Screen Rant reviews The Dark Knight
It’s a funny thing about watching a movie you’ve been anticipating so much and for so long – you walk in with preconceived notions of what it should be like. This happened for me with Iron Man, and as it turned out that film nailed my expectations of what an Iron Man movie should be like.
However that very same sense of anticipation hurt my first viewing of The Dark Knight.
Going in, while I was expecting an excellent film, I was also expecting something along the lines of Batman Begins – a superhero movie with more of a real world feel than your typical film based on a comic book character. That was actually one of the thithengs I really liked about Nolan’s previous movie – it was close enough to reality that I could really imagine a guy dressing up in a bat-suit to fight crime as shown in the film.
But The Dark Knight takes that concept and multiplies it. You’re not watching a superhero movie based in the real world here – you’re watching the real world and it just happens to contain a psychopathic criminal and a modern day samurai.
The film opens with a bank heist perpetrated by a bunch of guys wearing clown masks, and what seems to be the Joker’s initial arrival in Gotham City. The opening scene is brilliant and seems like it could have come right out of one of the “Bourne” movies. We also get insight into just how ruthless the Joker is as his henchmen have been instructed to kill each other after their particular tasks are complete (of course, they don’t know that they’ve ALL been given this instruction).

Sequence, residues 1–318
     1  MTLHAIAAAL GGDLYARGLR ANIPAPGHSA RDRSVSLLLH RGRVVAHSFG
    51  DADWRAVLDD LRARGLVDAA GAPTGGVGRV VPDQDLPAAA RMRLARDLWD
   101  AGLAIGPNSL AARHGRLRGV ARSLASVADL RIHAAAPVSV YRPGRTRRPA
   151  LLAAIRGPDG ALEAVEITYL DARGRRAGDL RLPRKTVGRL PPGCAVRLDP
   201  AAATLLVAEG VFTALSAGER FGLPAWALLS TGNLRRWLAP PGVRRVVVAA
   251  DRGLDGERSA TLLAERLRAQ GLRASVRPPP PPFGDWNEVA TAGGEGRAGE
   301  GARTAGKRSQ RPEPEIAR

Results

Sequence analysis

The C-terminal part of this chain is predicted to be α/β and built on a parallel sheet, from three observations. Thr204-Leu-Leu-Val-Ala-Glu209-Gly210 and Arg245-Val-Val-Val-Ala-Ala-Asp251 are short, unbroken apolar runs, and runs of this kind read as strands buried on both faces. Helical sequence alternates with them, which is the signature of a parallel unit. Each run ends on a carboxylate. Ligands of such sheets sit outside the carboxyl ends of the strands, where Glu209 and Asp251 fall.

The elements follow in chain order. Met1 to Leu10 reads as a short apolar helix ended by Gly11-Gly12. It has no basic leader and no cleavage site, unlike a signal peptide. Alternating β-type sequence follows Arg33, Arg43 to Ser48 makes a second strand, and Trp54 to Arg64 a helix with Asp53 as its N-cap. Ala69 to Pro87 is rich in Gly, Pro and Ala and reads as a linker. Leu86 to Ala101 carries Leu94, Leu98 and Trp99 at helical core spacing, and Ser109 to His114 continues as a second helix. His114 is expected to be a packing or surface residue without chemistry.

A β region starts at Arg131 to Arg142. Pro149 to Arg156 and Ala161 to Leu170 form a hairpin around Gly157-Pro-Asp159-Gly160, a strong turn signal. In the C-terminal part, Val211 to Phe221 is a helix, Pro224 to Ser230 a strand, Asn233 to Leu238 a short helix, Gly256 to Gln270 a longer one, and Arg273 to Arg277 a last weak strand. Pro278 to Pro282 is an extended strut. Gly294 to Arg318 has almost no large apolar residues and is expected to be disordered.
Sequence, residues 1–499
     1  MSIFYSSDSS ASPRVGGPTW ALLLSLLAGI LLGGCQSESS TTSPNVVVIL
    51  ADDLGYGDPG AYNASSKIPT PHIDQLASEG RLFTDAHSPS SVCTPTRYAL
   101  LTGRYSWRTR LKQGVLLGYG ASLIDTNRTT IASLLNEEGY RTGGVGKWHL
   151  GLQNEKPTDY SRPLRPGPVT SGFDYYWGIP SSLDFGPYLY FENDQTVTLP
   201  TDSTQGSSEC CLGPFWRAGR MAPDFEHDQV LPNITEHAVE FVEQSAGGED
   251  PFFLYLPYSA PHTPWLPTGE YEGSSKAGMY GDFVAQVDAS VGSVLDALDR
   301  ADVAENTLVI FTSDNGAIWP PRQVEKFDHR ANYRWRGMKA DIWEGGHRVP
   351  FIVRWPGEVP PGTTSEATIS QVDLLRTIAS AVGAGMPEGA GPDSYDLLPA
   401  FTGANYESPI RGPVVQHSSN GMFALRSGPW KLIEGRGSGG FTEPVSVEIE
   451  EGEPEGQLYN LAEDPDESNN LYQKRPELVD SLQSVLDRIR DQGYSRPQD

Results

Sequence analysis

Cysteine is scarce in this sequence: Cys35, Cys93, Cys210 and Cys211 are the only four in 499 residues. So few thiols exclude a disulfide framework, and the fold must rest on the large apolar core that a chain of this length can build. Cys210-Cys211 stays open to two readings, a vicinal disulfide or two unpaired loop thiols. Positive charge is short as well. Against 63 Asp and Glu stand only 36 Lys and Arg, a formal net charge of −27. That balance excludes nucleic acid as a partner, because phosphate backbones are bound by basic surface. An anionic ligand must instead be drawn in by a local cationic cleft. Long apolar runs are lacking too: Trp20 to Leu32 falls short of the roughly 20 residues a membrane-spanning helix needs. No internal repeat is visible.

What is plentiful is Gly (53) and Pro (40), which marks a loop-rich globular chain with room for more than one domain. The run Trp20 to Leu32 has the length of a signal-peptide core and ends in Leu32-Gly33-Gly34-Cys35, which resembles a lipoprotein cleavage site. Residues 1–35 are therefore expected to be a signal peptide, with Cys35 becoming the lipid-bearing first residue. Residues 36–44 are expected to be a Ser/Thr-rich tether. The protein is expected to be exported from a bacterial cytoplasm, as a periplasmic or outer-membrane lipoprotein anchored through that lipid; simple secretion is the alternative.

In a further demonstration of how much the Joker doesn’t care about or fear anything, the bank in question is where every mobster in Gotham City keeps their illegal cash – and that’s what the Joker is stealing.
Batman and Lieutenant Gordon are more concerned with shutting down the gangsters by choking off their funds than dealing with “just one man.” But oh, how wrong they are…
The Joker makes on offer to the heads of the crime families to kill Batman in exchange for HALF of their combined funds of $68 million. They scoff of course at first but soon enough they learn that they’ve gotten far more than they bargained for with our pasty-faced villain, who unleashes a reign of terror upon the city never before seen.
The Dark Knight is the closest of all the Batman films to one of the more mature reading level Batman graphic novels. This world is dead serious, and the Joker is no clown – he’s a deadly, dangerous, semi-suicidal psychopath who also happens to be brilliant. Now there’s a scary combination. Speaking of the Joker… Heath Ledger’s death was tragic, but if there was a role to leave as a legacy – damn, this one is it.